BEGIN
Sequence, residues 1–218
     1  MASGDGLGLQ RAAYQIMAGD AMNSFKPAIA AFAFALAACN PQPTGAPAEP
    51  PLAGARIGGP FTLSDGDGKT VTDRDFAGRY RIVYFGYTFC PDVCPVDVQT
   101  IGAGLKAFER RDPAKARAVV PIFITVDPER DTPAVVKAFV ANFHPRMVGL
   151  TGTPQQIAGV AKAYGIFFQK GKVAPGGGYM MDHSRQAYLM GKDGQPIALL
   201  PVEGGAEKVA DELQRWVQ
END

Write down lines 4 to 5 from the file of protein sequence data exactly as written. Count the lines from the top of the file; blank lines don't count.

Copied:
   101  IGAGLKAFER RDPAKARAVV PIFITVDPER DTPAVVKAFV ANFHPRMVGL
   151  TGTPQQIAGV AKAYGIFFQK GKVAPGGGYM MDHSRQAYLM GKDGQPIALL